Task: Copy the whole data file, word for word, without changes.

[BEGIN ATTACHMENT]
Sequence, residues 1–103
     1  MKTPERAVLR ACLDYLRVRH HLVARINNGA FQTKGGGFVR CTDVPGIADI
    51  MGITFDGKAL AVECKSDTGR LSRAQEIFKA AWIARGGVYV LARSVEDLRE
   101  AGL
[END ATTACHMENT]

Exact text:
Sequence, residues 1–103
     1  MKTPERAVLR ACLDYLRVRH HLVARINNGA FQTKGGGFVR CTDVPGIADI
    51  MGITFDGKAL AVECKSDTGR LSRAQEIFKA AWIARGGVYV LARSVEDLRE
   101  AGL